Skip to main content

Powering mines on the frontier

Published by
World Coal,

Venkie Shantaram, Aggreko.

Mines are no longer the hub of a community: the focal point for infrastructure and employment alike. The tradition of generations of families working in a pit has ceased to exist. In fact, mining is in a constant state of flux.

A supply and demand dynamic is shaping the coal industry. While demand for coal has remained consistent (the International Energy Agency [IEA] predicts global coal demand will increase at a rate of 2.8% year-on-year through to 2018), supplies are rapidly depleting. To reach those that remain, miners are employing increasingly expensive working practices. They are forced to explore further afield in increasingly remote and unstable locations to maintain productivity and meet demand.

Power is central to solving the challenges that have ensued.

Confidence in the industry has been rocked by a fear that escalating production costs will reduce profit margins. Essential reductions in CAPEX run in parallel to a range of challenges, from accessing capital in the first place to taking exploration to remote and inhospitable corners of the globe, as well as from mining deeper underground to adopting sustainable working practices.


These new frontiers of exploration bring with them heightened geopolitical risk, infrastructure challenges and operating costs. Exploration and development is becoming increasingly complex, expensive and hazardous.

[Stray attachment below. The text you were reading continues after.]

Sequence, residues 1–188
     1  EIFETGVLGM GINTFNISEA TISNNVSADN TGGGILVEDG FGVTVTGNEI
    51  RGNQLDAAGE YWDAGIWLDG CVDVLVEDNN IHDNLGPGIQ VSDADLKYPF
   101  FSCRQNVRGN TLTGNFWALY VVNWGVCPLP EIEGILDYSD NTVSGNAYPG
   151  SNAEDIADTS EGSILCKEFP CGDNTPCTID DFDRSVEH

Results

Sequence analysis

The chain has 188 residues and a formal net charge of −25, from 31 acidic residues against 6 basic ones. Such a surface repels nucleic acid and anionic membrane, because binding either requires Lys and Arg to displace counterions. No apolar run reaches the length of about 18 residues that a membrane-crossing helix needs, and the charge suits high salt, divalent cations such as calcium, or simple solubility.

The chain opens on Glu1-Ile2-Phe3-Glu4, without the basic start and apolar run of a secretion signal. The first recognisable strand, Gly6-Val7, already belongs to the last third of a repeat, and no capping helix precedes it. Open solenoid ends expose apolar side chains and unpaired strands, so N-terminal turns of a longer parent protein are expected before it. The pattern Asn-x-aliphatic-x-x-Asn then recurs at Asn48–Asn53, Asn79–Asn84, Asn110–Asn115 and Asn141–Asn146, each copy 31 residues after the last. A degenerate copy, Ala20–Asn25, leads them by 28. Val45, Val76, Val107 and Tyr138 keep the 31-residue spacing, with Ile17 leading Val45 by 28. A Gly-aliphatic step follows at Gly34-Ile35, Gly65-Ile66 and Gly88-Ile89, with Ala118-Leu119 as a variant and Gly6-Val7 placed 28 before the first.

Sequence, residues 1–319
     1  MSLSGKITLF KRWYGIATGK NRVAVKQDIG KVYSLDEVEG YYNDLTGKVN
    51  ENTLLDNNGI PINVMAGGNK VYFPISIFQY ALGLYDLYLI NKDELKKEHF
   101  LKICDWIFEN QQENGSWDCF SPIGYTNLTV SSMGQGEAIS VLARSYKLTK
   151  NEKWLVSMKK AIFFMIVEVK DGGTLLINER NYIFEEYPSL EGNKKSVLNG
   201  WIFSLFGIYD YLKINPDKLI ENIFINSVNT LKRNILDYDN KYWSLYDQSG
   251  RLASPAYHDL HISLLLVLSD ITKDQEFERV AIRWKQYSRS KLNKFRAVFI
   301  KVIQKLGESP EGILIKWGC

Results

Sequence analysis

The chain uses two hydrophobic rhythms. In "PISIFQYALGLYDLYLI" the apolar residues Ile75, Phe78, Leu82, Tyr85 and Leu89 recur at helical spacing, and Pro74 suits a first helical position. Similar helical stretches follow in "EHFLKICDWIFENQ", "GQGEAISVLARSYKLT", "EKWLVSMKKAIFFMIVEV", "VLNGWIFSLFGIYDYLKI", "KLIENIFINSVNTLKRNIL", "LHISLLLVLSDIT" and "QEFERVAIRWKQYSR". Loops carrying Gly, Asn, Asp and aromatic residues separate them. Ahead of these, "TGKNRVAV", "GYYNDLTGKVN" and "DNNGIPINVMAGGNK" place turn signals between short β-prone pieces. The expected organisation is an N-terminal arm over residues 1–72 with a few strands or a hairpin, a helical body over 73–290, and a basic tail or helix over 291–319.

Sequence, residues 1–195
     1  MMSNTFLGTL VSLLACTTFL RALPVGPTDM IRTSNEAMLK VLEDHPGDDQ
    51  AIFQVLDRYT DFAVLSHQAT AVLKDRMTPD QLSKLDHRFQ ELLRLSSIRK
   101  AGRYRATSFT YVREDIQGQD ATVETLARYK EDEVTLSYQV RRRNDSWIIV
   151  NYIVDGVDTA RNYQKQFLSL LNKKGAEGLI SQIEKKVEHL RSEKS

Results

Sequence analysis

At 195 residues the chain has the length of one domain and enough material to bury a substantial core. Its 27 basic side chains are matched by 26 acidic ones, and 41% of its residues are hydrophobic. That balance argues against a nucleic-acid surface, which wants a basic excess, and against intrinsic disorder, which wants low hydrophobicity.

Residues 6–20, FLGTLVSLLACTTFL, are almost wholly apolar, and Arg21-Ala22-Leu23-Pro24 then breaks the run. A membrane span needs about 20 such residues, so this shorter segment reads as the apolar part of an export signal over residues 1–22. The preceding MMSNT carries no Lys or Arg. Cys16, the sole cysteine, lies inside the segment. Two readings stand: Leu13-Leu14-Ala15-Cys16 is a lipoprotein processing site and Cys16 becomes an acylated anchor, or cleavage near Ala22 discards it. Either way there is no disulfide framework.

Temporary power in remote locations - Banro Resources in the Democratic Republic of Congo.

Traditionally, the opening of a new mine would act as a catalyst for the installation of permanent infrastructure, which serves the surrounding area long after the mine has been decommissioned. However, the increasing prevalence of short-term and smaller-scale opportunities is coupled with a lack of support from local governments to invest in infrastructure.

The onus now is on an operating company to build the necessary roads and railways for transportation and the grid to power the project. Installing the necessary power infrastructure has become a commercial decision, not a community one.

For all the stability of a permanent solution, power plants require huge CAPEX and can take years to construct and bring online. Furthermore, with reserve grid capacity in many nations notoriously low, it is more than likely that operators would naturally consider the back-up support offered by a temporary power provider in order to anticipate the need to bridge the gap and allow energy intensive industries, such as mining, to flourish.

By contrast, temporary solutions are now more in keeping with the type of mining frequently encountered across the industry. The relative flexibility matches the transient nature of mining and – because mines are no longer the focal point of communities – people are more inclined to move for work.